Success is overrated. Fail. Rinse. Repeat.

There’s something to be said for failure. Not the permanent kind, although I would argue that permanent failure exists only if you give up.  But the trying-something-I-haven’t-yet-mastered kind of failure…that’s the kind I’m speaking of.

We all look up to someone in racing. Many of us think that if we just achieved their level of mastery and accomplishment, we’d be satisfied. We would have success.

But that person, your person, has someone that they look up to as well. And I’ll bet someone looks up to you. Me, too. (It’s hard to believe, but my dog is significantly shorter than me. *Ba-Dum-CH!*)

She looks up to me. Literally.

She looks up to me. Literally.

We strive to the next far-reaching level of success. And some of us may be satisfied when we get there. It may be enough. And that’s great. It really is.

But for me? That’s not in my nature. I’m a competitive, driven person. I’ll always want to be better, and to achieve more. It can be unsatisfying at times, but at the same time I’m proud of where that has taken me so far.

So I’ve learned that I need to fail. And do it as quickly and often as I can.

It’s these failures, these attempts that we make over and over again, that lead us to accomplishment.

When I do a branding or marketing campaign for a company, I fail at creating slogans. I fail at directing the graphics. I fail at writing website copy, crafting a marketing strategy and designing social media campaigns. I fail over and over again at countless things until I get it right.

I bet you failed at everything in racing at least once before you mastered it. You probably didn’t think about not getting all the air bubbles out of the line the first time you bled brakes as a failure. You just didn’t know how to do it right until you did.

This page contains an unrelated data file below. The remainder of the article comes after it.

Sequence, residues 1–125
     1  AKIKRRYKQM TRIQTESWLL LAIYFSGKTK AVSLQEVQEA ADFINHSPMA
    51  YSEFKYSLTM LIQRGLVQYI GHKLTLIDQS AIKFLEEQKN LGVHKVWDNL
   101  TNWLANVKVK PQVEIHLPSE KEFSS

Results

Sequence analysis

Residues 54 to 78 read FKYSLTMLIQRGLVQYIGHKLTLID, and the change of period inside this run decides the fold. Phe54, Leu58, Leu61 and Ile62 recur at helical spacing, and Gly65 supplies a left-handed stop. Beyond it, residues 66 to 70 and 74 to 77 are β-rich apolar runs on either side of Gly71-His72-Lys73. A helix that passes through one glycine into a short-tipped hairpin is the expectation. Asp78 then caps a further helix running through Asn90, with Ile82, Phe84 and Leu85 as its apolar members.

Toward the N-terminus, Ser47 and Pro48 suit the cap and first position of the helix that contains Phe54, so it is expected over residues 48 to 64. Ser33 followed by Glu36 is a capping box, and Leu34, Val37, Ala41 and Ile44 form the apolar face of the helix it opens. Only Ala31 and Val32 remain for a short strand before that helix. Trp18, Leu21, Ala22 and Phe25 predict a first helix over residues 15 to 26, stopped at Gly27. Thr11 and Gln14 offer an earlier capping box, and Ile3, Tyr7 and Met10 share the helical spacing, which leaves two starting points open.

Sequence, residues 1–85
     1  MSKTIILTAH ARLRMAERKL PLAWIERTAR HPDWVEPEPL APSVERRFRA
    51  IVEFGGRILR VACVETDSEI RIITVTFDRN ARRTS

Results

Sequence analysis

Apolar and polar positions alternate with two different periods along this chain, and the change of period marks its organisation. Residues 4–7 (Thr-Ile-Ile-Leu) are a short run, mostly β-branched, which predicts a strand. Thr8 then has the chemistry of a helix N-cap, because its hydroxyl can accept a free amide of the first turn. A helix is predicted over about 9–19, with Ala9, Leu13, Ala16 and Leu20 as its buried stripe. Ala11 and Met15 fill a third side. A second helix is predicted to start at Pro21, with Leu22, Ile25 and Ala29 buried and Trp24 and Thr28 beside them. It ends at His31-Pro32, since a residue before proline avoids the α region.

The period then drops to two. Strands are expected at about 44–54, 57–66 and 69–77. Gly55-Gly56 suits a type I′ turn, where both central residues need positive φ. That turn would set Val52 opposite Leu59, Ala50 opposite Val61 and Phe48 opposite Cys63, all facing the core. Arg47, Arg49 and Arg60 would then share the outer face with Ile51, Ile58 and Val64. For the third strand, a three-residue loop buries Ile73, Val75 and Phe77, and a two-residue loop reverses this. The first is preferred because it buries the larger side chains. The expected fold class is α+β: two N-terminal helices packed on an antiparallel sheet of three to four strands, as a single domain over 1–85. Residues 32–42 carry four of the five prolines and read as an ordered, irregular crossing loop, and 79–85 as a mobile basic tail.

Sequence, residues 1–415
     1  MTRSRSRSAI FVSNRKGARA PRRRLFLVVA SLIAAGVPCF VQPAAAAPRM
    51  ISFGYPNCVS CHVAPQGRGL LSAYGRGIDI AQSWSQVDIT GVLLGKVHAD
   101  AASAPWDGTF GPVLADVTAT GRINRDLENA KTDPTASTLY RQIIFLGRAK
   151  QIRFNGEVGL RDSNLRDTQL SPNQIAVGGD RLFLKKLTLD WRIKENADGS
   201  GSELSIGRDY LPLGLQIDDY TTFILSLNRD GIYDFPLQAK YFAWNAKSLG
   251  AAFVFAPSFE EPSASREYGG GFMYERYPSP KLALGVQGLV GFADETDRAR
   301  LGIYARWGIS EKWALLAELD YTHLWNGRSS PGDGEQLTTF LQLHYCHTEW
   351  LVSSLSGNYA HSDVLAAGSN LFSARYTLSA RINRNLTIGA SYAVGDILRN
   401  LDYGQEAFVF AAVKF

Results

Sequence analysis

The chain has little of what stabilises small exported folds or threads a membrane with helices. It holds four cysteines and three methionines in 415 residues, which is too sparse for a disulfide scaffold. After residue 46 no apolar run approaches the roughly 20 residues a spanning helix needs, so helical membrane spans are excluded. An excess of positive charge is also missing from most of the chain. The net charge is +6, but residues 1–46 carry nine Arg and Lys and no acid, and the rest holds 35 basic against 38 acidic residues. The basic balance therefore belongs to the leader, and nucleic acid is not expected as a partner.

It’s when the tasks get bigger, the decisions messier, that we start worrying about failing. Not getting it right in the garage isn’t failing. Not turning left in front of an audience, not being the fastest, not quitting your job to go on the road with a touring series…those seem riskier. Even though they are the tasks we know we need to fail at to achieve our goals. The weight we put into the task and the risk we associate it with is what shifts our mind to haven’t-done-yet to failure-is-deadly status.

Failure eliminates the bubble – the safe place in which you dream all the dreams but don’t take the risk of actually pursuing them. You never fail in the bubble. Everything is possible.

But if you’re like me and you want something more, you can’t fail to try. You must try to fail. It sounds scary, but failure will not kill your dream unless you let it. Failure to try will.

Every time you fail, you will learn. When you learn, you can adjust. You can move forward and try again, aiming closer and closer to your target. The faster you fail, the faster you succeed at learning. 

Fail at your marketing. Fail at getting faster. Fail at a new race track. Fail at talking to sponsors.

Fail. Fail often. Fail quickly. Fail unapologetically. Fail through the fear. Fail with excitement. Make failure your goal, and make it fun.

Fail until you succeed, and then find something better to fail at.

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About the author

Kristin Swartzlander Kristin Swartzlander is passionate about applying business sense to racing 'nonsense' in hopes of growing the sport of dirt track racing. She is a business strategist who works with entrepreneurs and small businesses to help them learn how to use public relations, marketing and social media to achieve their goals. Learn more about social media, marketing and racing sponsorship on the DirtyMouth blog.